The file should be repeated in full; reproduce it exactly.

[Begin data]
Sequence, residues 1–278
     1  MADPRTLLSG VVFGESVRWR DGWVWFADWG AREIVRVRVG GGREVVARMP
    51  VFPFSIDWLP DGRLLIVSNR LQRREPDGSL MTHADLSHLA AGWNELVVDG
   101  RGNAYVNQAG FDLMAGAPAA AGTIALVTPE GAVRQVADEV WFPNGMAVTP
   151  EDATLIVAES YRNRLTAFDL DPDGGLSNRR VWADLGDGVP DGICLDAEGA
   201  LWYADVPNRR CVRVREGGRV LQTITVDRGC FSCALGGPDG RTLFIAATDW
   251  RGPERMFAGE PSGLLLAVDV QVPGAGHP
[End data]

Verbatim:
Sequence, residues 1–278
     1  MADPRTLLSG VVFGESVRWR DGWVWFADWG AREIVRVRVG GGREVVARMP
    51  VFPFSIDWLP DGRLLIVSNR LQRREPDGSL MTHADLSHLA AGWNELVVDG
   101  RGNAYVNQAG FDLMAGAPAA AGTIALVTPE GAVRQVADEV WFPNGMAVTP
   151  EDATLIVAES YRNRLTAFDL DPDGGLSNRR VWADLGDGVP DGICLDAEGA
   201  LWYADVPNRR CVRVREGGRV LQTITVDRGC FSCALGGPDG RTLFIAATDW
   251  RGPERMFAGE PSGLLLAVDV QVPGAGHP